Go ahead, judge this book by its cover: Perhaps the single most spectacular release of the season in terms of presentation, at least is the 10-pound, Ultrasuede tome Billy Wilders Some Like It Hot (Taschen, 381 pages, $150), created in honor of the directors 95th birthday. Enormous in both size and scope, Hot chronicles through hundreds of photographs, memorabilia and new interviews with Wilder, Tony Curtis and the late Jack Lemmon the definitive story behind the legendary 1959 comedy. Also included are first and final drafts of the screenplay, with corresponding film stills running alongside each annotated page. The most unusual feature is an exact replica down to the worn, yellowed pages of Marilyn Monroes tattered personal promptbook containing handwritten notes (pull skirt down and freeze like a bunny). Pricey, yes, but Wilder and Monroe fans will find this essential.
Gita Wolf and Sirish Raos retelling of Sophocles Antigone (Getty Publications, 28 pages, $19) makes for a humbler but equally treasurable volume a celebration of storytelling, drawing and the art of bookmaking. Each copy of the 4,000-some edition was handcrafted in India, bound with thread, and silk-screened onto paper handmade from cotton rags and wastepaper you can still smell the ink. Featuring rich, dramatic illustrations by Indrapramit Roy, based on images lifted from ancient Greek pottery, Antigone comes in a hand-folded slipcase.
The title of celebrity/fashion photographer Roxanne Lowits short, fat paperback, People (Assouline, 208 pages, $30), is a little misleading, as the cover image suggests: Pamela Anderson slumped languidly in the back seat of a car, her white panties peeking out from under a denim mini. No simple people here, and virtually no text, either just a steady stream of high-energy, after-dark images of glitterati ranging from Iggy Pop to Paloma Picasso, prowling party circles in New York, London, Paris, Berlin, Tokyo and Los Angeles. My life is filled with the fabulous and the glamorous, Lowit writes. People, parties, fashion, models, celebrities, drag queens all of whom are here in this decadent and visually indulgent glam trip. A nice complement is the very tall, fat Dennis Hopper: 1712 North Crescent Heights (Greybull Press, 180 pages, $75), which offers a narrower, but no less intense, view of 60s celebrity life. Gathered from Hoppers own archives by his daughter Marin, the actors intimate and often melancholy photographs document a short but tumultuous period in his life 196268, a horrific time of alcohol and drug use, he writes, but also a strangely creative time and the circle of actors and artists who passed through the family home on Crescent Heights. Together, Hoppers photos provide a panoramic view of that decades L.A. aesthetic: vintage cars and leggy ladies in polka-dot bikinis, for instance. With an introduction by Hoppers ex-wife Brooke Hayward and a three-way Q&A featuring Hopper, Hayward and Marin, 1712 is a surprisingly honest and deeply personal journey.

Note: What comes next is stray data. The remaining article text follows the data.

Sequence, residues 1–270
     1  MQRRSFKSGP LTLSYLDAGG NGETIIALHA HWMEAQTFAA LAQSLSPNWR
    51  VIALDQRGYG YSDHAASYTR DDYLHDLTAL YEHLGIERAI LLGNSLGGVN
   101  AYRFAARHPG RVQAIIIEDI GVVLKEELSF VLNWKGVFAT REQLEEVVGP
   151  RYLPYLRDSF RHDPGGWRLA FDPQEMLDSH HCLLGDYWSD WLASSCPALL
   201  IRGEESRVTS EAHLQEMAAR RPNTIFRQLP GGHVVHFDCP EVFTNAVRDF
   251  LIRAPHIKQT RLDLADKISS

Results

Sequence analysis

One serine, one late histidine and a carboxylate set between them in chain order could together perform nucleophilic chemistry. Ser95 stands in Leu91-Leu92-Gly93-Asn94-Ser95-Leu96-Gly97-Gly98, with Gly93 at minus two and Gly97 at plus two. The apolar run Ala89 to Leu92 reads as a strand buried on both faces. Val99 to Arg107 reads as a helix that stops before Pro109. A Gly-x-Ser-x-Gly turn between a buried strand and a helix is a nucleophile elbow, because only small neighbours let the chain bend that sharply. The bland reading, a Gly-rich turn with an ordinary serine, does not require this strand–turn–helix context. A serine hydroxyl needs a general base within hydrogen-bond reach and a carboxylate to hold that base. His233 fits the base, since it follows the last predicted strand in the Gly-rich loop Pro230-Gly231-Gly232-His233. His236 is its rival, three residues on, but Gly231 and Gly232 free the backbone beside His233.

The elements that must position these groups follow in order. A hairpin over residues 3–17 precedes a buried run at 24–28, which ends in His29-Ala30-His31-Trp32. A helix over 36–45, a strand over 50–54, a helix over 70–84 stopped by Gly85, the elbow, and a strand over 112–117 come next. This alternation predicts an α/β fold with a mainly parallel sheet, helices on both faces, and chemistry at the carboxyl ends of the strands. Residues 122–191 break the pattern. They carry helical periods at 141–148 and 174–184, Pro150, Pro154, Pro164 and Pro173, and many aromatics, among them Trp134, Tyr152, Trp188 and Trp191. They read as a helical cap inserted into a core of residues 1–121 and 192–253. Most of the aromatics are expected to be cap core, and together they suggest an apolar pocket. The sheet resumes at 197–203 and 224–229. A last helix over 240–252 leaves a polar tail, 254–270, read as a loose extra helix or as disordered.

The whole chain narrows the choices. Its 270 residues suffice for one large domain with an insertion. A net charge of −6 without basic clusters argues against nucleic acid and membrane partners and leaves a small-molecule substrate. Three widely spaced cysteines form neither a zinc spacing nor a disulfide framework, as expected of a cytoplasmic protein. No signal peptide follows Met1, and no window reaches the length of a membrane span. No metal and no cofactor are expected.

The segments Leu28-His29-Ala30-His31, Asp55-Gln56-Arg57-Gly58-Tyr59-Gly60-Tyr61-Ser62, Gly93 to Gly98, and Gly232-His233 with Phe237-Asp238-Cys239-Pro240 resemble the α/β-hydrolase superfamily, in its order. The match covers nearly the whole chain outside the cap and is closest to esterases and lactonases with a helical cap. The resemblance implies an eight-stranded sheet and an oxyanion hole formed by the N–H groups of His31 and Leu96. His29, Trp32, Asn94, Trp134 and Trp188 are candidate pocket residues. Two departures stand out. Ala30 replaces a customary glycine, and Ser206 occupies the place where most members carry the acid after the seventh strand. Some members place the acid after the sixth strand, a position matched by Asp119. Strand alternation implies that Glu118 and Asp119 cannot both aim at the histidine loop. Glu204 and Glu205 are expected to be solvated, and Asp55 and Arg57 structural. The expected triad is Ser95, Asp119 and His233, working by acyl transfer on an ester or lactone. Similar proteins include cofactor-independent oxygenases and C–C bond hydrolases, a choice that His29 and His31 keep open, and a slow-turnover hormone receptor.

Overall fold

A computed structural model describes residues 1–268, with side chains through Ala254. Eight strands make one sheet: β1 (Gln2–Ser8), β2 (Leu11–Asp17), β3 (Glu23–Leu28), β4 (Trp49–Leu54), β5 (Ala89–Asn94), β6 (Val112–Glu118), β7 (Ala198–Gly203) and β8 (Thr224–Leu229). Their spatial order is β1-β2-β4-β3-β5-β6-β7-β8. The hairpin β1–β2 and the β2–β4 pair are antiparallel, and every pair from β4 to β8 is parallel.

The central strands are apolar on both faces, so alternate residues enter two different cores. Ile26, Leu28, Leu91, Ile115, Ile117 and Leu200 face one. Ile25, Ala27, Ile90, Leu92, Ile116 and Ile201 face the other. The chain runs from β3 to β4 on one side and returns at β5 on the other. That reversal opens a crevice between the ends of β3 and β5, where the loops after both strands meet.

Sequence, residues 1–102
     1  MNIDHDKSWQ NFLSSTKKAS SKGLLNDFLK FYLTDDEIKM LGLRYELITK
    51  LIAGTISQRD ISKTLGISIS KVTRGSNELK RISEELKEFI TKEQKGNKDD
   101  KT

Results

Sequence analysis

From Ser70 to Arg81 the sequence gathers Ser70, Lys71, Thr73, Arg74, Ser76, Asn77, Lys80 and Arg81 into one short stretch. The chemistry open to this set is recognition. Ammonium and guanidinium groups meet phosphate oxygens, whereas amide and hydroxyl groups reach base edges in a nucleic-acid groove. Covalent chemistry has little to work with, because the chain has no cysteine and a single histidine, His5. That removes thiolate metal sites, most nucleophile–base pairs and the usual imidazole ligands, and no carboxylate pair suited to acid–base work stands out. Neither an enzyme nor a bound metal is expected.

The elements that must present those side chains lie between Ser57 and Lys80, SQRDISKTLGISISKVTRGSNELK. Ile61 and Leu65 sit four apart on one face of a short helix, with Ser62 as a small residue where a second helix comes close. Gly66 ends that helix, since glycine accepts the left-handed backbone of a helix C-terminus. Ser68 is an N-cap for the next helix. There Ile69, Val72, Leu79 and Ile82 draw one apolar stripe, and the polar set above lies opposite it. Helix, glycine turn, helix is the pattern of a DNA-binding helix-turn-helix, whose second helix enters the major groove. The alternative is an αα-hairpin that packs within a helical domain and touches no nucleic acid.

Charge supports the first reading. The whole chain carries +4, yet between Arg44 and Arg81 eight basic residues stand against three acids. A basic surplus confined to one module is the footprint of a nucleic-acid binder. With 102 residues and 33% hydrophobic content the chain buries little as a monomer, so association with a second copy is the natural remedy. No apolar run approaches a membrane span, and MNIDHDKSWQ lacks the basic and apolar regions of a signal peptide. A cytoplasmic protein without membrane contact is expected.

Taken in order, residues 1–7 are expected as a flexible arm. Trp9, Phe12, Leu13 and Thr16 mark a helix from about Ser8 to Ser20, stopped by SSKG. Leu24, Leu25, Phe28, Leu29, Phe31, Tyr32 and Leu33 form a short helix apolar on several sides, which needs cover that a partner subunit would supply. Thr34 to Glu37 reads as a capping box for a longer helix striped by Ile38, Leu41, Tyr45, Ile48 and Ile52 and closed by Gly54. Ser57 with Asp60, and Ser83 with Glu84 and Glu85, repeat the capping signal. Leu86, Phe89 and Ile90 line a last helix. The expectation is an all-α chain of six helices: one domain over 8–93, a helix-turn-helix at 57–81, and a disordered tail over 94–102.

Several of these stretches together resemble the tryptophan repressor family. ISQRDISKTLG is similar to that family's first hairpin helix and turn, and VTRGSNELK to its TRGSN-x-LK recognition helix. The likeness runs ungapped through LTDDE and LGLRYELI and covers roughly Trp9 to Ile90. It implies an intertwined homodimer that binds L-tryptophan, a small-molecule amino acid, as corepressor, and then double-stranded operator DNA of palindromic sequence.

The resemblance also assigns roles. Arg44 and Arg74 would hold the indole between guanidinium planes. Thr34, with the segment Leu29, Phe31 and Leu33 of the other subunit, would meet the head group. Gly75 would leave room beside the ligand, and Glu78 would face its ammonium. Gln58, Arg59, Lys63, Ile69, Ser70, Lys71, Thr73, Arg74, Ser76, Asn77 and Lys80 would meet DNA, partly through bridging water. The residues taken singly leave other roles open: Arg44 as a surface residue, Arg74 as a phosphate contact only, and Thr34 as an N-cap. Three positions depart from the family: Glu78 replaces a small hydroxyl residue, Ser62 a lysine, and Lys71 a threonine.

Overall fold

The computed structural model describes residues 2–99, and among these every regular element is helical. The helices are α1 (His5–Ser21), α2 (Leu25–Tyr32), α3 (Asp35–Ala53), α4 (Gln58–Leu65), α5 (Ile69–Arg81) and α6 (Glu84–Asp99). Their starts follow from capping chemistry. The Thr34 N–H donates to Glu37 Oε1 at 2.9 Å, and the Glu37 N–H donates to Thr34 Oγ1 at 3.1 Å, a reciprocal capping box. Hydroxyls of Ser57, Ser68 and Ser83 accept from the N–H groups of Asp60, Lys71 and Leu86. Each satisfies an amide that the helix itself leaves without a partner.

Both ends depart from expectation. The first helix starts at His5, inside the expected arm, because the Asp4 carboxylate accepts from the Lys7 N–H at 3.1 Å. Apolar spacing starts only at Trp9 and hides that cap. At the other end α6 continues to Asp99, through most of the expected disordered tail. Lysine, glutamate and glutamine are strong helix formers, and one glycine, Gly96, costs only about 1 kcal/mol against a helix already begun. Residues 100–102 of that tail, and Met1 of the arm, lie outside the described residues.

The House Book (Phaidon Press, 512 pages, $45) is just that: a book of houses. And architects. And designers. And philosophies of style. The massive, slickly packaged collection showcases 500 different architects, in alphabetical order, with one page/one photo/one blurb for each, and cross-references others working in similar styles. The buildings range from a 16th-century Hindu ministers red-sandstone palace to the decorative, bamboo, tepeelike structures of an Abelam village in northern New Guinea, to iconic Western homes such as Frank Lloyd Wrights Fallingwater and new LACMA architect Rem Koolhaas OMA house in Bordeaux. This global architectural overview celebrates not only the aesthetic and functional aspects of the home, but the concept, in general, of shelter. In the process, it serves as a resource for the architecturally knowledgeable as well as eye candy for design lovers.
In her introduction to Crosstown (PowerHouse Books, 192 pages, $75), the most comprehensive collection of Helen Levitts Manhattan-area photographs yet published, Francine Prose prophetically writes that the artists pictures remind us of how rapidly everything changes, of how large a fraction of what we see wont exist in its present form only a heartbeat from now. Like the New York City skyline. Levitts stark and evocative candids capture a tender side of Manhattan that is more difficult to conjure now: a city of neighborhoods, where small children frolic in spray from street-side hydrants while leathery-faced elders watch from the steps of their brownstones. Levitt is truly an American treasure. Other influential female artists 93 of them, to be exact are surveyed in Women Artists in the 20th and 21st Century (Taschen, 576 pages, $40), a thick flexi-bound softcover that profiles, on equal par, both established icons such as Frida Kahlo, Marina Abramovic´, Valie Export and Nan Goldin, and nascent art-world figures like Vanessa Beecroft and L.A.s Pae White, whose colorful More Birds provides the cover art. Each entry contains beautifully reproduced selections from the artists oeuvre, with commentary, but one of the most enjoyable sections is actually the table of contents, an eight-page compendium of passport-size snapshots of each artist.